One of the most treasured members of my family was Grandma’s dining room Table. Its top was a dark wood laminate and it was surrounded by wooden chairs with soft cloth cushions. Grandma took great care of that Table, polishing it every week when she dusted the rest of the furniture in her home on the hill.
After Grandpa passed away, I took over the duties of Table maintenance. Screwdriver in hand, I would get on my knees and make my away around the table, tightening screws and making sure Grandma’s Table was secure because a secure Table makes a secure family.
We never used plain table service on Grandma’s dining room Table. It was a place to honor family. Grandma honored her family with china and silver. I remember gently taking the dinner plates out of the cabinet, their yellow forsythia flowers and gold rims greeting me every holiday season. We would set the Table, making sure every flower pattern was just so, the salad plates in their proper position. The silver would be polished up and placed around the beautiful china, with the forks elegantly placed on paper napkins folded into triangles. The china coffee cups and dessert plates were stacked on the counter that once held a big aquarium full of black guppies. The candles were lit and the Table was ready to receive Grandma's honored guests.
We were sitting around that Table when news came one snowy Christmas night that one of my grandparents’ friends, a truck driver, missed a curve over by the motel and crashed. He didn’t make it, someone said. People gripped the Table for support. Some leaned on it. The adults sat around the Table for a long time that night, seeking comfort from the Table and each other.
As elders do in their later years, Grandma began to sort. She sat with the Table, going through her old black book and pulling out all the recipes she had collected over the years, re-gluing and re-organizing them by section. Grandma took great care to be sure that the surface of her Table did not get scratched while working on her recipe book by putting a nice white linen tablecloth down to keep it safe.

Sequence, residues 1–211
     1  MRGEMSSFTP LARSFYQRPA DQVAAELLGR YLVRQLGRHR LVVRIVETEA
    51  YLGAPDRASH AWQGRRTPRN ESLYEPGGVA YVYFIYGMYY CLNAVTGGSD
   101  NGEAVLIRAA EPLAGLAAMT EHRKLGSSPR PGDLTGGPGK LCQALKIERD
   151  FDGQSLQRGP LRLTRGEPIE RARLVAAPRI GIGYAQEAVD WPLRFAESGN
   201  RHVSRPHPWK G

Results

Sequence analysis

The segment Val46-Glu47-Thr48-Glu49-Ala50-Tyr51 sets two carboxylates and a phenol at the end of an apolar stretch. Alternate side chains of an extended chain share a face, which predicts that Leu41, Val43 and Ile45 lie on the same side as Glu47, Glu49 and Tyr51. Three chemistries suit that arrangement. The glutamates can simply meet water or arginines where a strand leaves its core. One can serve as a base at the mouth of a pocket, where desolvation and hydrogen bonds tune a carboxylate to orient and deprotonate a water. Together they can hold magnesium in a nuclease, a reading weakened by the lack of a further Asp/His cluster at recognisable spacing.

Once the recipe book project was done, it was time to sort out family photos. Grandma brought out several stacks of photo albums and set them on the Table. The Table smiled, glad to see Great Grandpa Zimmerman and Uncle Cully and Aunt Dorothy once again. “Oh there is Uncle Chris Christoules,” thought the Table, “boy could he cuss in Greek”. A great sadness was beginning to settle into the Table’s heart, as every year the family dinners grew smaller and smaller.
It was at this Table that my Grandmother sat weeping in my arms, somehow realizing yet not quite believing her life was coming to an end. After I put her to bed, I lay my head down on that Table and cried. In the little pool of tears I saw a reflection, first of me, then of my Grandma.
When Grandma left us, we stacked boxes on the Table and sorted for weeks. I took home everything I could fit in my house so I could have Grandma with me every day. Her rolling pin, cast iron frying pan, the player piano, her cookie cutters. But I couldn’t take the Table, I had no room. The Table along with the rest of Grandma’s life things was soon gone, sent off to be sold at a tag sale.
Around that Table had sat my Grandpa and Great Grandparents, Great Aunts and Uncles, old family friends, all now gone. And when Grandma and her Table left us, our family gathered no more.
A couple years later, I wandered into an antique store in the town my Grandma had lived most of her life, the town in which I was born. As I made my way around the basement I came to a door that opened into a small, dusty, unlit room. And there, with its chairs stacked neatly beside it, was my Grandma’s Table.
I took out my bandana and slowly wiped away the dust, shining it up the way Grandma would have done. And I very carefully checked every screw.